Text-based intervention can improve vaccination by 11%



According to Pew polls, a growing share of Americans (69% as of Feb 2021) either say that they plan to get COVID-19 vaccine or that they have already been vaccinated. However, vaccine hesitancy remains to be a cause for concern. In April, the CDC reported that more than five million Americans (8%) had missed their second shot of Pfizer or Moderna vaccines. While many countries are facing acute shortages of vaccines, the US is sitting on a surplus and demand is falling after peaking in mid-April. Earlier this week, Philadelphia was forced to ship soon-to-expire vaccine doses to other distribution sites to avoid having to throw them away.


A study published recently found that text-based nudges reminding people about their scheduled vaccine appointments may help boost vaccination rates. The intervention was tested in a large field experiment (N = 47,306) where the goal was to improve adoption of the influenza vaccine. This, the authors wrote, was in light of the fact that only half of Americans were vaccinated during the 2019-2020 influenza season which claimed an estimated 35,000 lives. They believe that the text-based intervention could work similarly for COVID-19 vaccination.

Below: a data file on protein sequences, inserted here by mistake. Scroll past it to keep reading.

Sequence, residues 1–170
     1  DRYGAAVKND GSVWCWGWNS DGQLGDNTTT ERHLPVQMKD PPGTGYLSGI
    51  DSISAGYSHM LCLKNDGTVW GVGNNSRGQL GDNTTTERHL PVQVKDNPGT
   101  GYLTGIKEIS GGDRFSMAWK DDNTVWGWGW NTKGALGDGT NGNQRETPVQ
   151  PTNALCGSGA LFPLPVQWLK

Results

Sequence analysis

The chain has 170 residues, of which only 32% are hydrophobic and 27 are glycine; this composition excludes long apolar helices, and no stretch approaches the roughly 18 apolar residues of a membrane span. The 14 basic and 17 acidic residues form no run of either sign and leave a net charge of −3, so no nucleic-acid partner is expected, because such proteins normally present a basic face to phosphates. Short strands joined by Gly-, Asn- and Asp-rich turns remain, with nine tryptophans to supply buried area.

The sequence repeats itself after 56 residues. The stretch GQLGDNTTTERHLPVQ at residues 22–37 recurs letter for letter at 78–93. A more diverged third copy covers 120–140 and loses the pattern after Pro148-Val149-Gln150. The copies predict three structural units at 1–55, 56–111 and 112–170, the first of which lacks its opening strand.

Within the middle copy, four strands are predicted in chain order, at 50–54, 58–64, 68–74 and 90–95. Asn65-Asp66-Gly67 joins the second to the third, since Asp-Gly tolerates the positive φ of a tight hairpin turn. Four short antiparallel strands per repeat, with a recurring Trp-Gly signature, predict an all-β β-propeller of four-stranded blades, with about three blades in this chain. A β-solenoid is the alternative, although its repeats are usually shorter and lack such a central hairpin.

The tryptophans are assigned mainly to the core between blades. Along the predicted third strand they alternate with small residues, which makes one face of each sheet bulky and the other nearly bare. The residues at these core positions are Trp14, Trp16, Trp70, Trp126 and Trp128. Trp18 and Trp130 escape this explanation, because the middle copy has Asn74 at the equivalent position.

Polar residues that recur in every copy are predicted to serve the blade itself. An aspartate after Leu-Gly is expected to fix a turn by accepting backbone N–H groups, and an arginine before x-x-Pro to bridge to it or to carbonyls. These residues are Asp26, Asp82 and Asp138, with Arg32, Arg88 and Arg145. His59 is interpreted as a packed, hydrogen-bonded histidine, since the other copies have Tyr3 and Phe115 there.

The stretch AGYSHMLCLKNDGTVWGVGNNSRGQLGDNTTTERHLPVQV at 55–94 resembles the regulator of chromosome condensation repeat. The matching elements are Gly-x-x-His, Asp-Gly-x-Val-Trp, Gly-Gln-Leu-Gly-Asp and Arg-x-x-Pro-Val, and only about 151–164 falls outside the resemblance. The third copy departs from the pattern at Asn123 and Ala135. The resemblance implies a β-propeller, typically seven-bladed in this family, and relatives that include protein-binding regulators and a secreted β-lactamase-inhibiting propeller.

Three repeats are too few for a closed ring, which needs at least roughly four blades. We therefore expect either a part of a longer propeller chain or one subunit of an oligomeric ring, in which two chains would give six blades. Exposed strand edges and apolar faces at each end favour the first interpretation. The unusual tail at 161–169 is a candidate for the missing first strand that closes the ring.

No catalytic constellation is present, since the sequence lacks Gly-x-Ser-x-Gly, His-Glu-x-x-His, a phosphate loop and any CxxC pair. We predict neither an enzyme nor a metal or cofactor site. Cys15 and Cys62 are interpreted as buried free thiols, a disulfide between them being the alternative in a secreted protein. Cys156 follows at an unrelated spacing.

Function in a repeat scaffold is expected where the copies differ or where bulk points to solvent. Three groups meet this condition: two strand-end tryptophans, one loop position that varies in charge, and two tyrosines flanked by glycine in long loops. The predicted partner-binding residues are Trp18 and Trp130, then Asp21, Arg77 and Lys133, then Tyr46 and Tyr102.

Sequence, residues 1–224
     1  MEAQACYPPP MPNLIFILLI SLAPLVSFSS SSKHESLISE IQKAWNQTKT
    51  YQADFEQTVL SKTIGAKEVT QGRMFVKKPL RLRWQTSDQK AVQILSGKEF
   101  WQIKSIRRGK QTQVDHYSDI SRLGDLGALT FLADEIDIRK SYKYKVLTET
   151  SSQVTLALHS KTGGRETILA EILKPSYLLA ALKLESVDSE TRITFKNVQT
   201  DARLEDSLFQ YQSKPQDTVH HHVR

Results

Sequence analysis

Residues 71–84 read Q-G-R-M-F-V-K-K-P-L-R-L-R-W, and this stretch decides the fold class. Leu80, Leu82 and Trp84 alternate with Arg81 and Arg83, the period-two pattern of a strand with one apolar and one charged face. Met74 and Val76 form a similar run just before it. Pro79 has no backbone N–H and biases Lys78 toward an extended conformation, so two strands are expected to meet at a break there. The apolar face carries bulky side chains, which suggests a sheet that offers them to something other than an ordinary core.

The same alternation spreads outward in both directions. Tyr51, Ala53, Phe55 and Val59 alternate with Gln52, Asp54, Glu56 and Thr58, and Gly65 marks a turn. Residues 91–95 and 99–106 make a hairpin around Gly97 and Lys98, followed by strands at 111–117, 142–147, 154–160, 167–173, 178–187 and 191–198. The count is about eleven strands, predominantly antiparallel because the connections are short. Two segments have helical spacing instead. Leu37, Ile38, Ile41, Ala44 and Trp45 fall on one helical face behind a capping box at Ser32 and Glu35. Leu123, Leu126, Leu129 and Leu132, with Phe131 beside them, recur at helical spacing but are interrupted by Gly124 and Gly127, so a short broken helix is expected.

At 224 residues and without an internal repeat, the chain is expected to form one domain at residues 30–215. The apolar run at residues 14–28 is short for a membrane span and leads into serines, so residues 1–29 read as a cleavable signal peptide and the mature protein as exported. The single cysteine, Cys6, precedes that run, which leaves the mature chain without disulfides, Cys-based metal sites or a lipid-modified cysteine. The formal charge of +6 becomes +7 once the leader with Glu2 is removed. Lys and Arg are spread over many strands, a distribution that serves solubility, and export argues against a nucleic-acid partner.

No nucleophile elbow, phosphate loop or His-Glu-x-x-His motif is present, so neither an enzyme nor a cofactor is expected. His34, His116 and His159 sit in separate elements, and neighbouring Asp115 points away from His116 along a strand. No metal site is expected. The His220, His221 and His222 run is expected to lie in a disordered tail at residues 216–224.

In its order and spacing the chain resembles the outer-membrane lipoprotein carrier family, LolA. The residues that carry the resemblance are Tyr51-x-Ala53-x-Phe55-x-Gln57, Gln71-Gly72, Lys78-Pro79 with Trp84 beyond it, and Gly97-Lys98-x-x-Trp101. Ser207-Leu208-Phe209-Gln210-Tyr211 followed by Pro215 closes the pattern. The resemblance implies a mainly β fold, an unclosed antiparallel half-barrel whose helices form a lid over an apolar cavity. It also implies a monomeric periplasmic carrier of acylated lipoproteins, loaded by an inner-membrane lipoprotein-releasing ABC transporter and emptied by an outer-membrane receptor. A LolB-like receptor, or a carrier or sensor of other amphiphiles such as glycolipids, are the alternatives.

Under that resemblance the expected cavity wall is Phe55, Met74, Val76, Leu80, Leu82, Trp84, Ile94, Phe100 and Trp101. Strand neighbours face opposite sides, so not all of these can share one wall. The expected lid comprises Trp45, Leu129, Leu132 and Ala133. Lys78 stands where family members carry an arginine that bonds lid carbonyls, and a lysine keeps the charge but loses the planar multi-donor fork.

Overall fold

A total of 26 scientists worked in small teams to design different text messaging protocols. The alternatives generated by teams differed in how the texts were worded and how many times it was sent to participants during a period of 3 days preceding their appointment for the vaccine shot.


6 out of the 19 protocols generated by researchers significantly improved vaccination levels. The average increase in vaccination levels (for 19 protocols) was 5%. The top performing variant of the intervention boosted vaccination by a factor of 11% and it only costs less than a dime per person. This protocol involves sending a total of two texts; one 72 hours, and the other 24 hours before the scheduled appointment. The first is a reminder that "it's flu season," “a flu vaccine is available for you,” and that “a vaccine reminder” would be sent before the appointment. The second text is to read - “this is a reminder that a flu vaccine has been reserved for your appointment.”


The researchers opined that "the successful script could be used as a template for campaigns to encourage the adoption of life-saving vaccines, including against COVID-19". Read more about the study here.


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